Report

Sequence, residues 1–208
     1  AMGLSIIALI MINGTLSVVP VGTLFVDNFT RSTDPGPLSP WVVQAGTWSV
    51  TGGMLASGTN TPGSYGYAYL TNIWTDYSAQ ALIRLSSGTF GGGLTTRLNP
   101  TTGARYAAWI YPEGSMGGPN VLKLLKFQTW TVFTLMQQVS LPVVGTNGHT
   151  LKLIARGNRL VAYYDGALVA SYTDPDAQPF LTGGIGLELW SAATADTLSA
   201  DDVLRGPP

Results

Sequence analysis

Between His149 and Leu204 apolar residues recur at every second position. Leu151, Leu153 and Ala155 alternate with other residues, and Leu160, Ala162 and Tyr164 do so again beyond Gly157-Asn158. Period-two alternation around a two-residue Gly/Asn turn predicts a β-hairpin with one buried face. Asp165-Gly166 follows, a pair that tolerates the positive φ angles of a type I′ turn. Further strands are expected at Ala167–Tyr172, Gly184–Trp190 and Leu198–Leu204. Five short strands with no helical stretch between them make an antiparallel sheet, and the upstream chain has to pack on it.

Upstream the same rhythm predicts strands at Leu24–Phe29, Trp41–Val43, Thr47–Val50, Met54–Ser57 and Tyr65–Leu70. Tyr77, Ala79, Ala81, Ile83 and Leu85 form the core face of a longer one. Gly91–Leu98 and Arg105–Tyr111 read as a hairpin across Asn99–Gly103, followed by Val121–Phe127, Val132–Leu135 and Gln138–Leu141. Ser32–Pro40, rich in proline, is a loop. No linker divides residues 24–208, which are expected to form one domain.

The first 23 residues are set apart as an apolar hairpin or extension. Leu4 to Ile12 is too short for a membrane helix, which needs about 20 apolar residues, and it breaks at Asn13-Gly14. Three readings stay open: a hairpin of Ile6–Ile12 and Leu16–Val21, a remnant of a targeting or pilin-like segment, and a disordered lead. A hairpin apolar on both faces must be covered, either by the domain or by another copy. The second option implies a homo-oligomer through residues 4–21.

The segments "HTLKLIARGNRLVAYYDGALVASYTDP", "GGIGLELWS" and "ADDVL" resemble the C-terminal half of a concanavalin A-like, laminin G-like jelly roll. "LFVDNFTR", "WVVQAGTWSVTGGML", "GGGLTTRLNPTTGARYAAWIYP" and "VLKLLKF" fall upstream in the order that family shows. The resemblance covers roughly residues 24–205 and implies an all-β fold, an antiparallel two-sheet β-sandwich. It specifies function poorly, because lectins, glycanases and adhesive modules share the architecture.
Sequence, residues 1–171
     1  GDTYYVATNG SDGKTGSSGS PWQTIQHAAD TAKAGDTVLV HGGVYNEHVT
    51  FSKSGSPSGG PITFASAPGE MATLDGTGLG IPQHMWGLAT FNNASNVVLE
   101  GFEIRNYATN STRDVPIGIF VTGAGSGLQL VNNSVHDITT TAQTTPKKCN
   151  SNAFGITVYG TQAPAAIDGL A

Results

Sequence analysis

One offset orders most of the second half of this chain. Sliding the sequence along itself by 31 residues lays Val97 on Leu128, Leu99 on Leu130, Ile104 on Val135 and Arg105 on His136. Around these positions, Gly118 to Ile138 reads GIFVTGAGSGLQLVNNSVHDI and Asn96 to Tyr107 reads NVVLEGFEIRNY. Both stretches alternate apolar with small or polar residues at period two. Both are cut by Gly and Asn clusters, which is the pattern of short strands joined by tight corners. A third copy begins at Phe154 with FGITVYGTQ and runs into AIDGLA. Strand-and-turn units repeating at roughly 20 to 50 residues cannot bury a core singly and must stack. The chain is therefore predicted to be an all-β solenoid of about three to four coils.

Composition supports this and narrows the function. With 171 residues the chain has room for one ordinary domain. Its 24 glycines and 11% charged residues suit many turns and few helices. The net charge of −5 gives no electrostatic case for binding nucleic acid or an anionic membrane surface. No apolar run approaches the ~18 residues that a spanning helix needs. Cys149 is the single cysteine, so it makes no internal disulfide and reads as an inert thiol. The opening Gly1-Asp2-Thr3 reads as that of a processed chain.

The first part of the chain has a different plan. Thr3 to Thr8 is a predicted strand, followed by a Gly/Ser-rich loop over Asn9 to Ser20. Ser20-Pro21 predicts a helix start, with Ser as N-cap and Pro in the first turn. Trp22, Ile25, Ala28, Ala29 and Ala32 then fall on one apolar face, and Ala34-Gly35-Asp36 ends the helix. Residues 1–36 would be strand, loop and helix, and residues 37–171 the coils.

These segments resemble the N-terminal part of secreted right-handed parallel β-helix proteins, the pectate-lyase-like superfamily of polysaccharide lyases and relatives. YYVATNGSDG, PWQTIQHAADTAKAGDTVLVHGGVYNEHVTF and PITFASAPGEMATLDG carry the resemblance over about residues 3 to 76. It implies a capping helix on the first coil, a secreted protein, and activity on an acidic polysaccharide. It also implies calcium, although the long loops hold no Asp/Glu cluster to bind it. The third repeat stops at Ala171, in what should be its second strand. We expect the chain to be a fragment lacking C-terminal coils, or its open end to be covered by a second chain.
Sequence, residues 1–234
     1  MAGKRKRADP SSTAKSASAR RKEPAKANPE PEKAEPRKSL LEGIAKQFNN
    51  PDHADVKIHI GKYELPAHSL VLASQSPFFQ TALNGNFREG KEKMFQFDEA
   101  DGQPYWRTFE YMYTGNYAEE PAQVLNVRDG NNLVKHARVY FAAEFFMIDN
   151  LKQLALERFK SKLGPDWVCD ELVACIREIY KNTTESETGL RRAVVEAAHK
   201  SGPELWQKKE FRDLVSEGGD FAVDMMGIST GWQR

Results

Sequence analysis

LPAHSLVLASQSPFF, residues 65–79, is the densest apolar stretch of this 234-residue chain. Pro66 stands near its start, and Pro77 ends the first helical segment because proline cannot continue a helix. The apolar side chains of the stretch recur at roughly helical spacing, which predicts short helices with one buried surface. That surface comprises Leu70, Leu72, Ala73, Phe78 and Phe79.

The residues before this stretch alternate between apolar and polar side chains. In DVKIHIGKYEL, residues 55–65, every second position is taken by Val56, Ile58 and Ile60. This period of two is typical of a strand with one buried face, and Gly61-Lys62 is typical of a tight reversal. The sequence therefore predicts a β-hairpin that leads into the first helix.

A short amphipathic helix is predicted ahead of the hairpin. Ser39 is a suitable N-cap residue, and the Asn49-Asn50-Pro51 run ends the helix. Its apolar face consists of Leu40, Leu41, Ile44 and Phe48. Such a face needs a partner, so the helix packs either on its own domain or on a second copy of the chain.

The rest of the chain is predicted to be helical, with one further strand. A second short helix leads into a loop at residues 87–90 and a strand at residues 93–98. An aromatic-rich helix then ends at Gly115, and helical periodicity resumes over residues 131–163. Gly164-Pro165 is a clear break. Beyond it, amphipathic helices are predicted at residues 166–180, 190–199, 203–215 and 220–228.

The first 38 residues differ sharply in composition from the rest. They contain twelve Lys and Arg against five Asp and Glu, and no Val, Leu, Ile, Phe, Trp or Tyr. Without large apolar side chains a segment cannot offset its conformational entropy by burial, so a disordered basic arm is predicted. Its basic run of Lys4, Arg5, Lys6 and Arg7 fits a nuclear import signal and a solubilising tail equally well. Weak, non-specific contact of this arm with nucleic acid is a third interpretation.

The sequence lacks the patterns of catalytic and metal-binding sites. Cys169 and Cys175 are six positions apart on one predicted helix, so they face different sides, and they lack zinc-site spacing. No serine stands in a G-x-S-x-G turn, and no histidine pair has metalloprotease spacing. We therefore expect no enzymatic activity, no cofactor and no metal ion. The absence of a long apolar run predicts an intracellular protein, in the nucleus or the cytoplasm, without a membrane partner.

Inclusion-Exclusion Selected Exercises Exercise 10 Find the number of positive integers not exceeding 100 that are not divisible by 5 or 7. (Numbers 100 that are not divisible by 5 and are not divisible by 7.) See Venn diagram. Copyright © Peter Cappello 2011 2 Exercise 10 Solution Let the “bad” numbers be those that are divisible by 5 or 7. Subtract the number of “bad” numbers from the size of the universe: 100. – Let A5 denote the numbers 100 that are divisible by 5. – Let A7 denote the numbers 100 that are divisible by 7. – | A5 A7 | = | A5 | + | A7 | - | A5 A7 | = └ 100/5 ┘ + └ 100/7 ┘ - └ 100/(5 .7) ┘ = 20 + 14 – 2 = 32. The answer is 100 – 32 = 68. Copyright © Peter Cappello 2011 3 Exercise 14 How many permutations of the 26 letters of the English alphabet do not contain any of the strings fish, rat, or bird? See Venn diagram. Copyright © Peter Cappello 2011 4 Exercise 14 Solution 1. 2. Start with the universe: 26! Subtract the permutations that contain: – fish. To count the number of permutations with a fixed substring: Treat the fixed substring as 1 letter. There are (26 – 4 + 1)! such permutations. – – 3. Add the permutations that contain: – – – 4. rat: (26 – 3 + 1)! bird: : (26 – 4 + 1)! fish & rat: (26 – 4 – 3 + 2)! fish & bird: 0 rat & bird: 0 Subtract the permutations that contain all 3 strings There are 0 such permutations. Answer: 26! – 23! – 24! – 23! + 21! Copyright © Peter Cappello 2011 5 The Principle of Inclusion-Exclusion | A1 A2 | = | A1 | + | A2 | - | A1 A2 | | A1 A2 A3 | = | A1 | + | A2 | + | A3 | - | A1 A2 | - | A1 A3 | - | A2 A3 | + | A1 A2 A3 | Copyright © Peter Cappello 2011 6 The Principle of Inclusion-Exclusion | A1 A2 . . . An | = Σ | Ai | - Σ | Ai Aj | + Σ | Ai Aj Ak | - ... + (-1)n-1 Σ | A1 A2 ... An | Copyright © Peter Cappello 2011 7 Proof 1. An element in exactly 0 of the sets is counted by the RHS 0 times. 2. An element in exactly 1 of the sets is counted by the RHS 1 time. 3. An element in exactly 2 of the sets is counted by the RHS 2 – 1 = 1 time. 4. An element in exactly 3 of the sets is counted by the RHS 3 – 3 + 1 = 1 time. m. An element in exactly m of the sets is counted by the RHS C( m, 1 ) – C( m, 2) + C( m, 3 ) - . . . + (-1)m-1C( m, m ) times. Copyright © Peter Cappello 2011 8 Proof ( x + y )n = C( n, 0 )xny0 + C( n, 1 )xn-1y1 + … C( n, n )x0yn Evaluate the Binomial Theorem, at x = 1, y = -1, we obtain (1 – 1)n = C( n, 0 ) – C( n, 1 ) + C( n, 2 ) - … + (-1)n-1C( n, n ) C( n, 1 ) – C( n, 2 ) + … + (-1)nC( n, n ) = C( n, 0 ) = 1. Copyright © Peter Cappello 2011 9 Exercise 18 How many terms are there in the formula for the # of elements in the union of 10 sets given by the inclusion-exclusion principle? Copyright © Peter Cappello 2011 10 Exercise 18 Solution It is the sum of the: Terms with 1 set: C( 10, 1 ) Terms with 2-way intersections: C( 10, 2 ) Terms with 3-way intersections: C( 10, 3 ) Terms with 4-way intersections: C( 10, 4 ) Terms with 5-way intersections: C( 10, 5 ) Terms with 6-way intersections: C( 10, 6 ) Terms with 7-way intersections: C( 10, 7 ) Terms with 8-way intersections: C( 10, 8 ) Terms with 9-way intersections: C( 10, 9 ) Terms with 10-way intersections: C( 10, 10 ) The total is 210 – 1 = 1,023. Copyright © Peter Cappello 2011 11 Exercise 20 How many elements are in the union of 5 sets if: – The sets contain 10,000 elements – Each pair of sets has 1,000 common elements – Each triple of sets has 100 common elements – Each quadruple of sets has 10 common elements – All 5 sets have 1 common element. Copyright © Peter Cappello 2011 12 Exercise 20 Solution To count the size of the union of the 5 sets: – Add the sizes of each set: C(5, 1)10,000 – Subtract the sizes of the 2-way intersections: C(5, 2)1,000 – Add the sizes of the 3-way intersections: C(5, 3)100 – Subtract the sizes of the 4-way intersections: C(5, 4)10 – Add the size of the 5-way intersection: C(5, 5)1 C(5, 1)10,000 - C(5, 2)1,000 + C(5, 3)100 - C(5, 4)10 + C(5, 5)1 Copyright © Peter Cappello 2011 13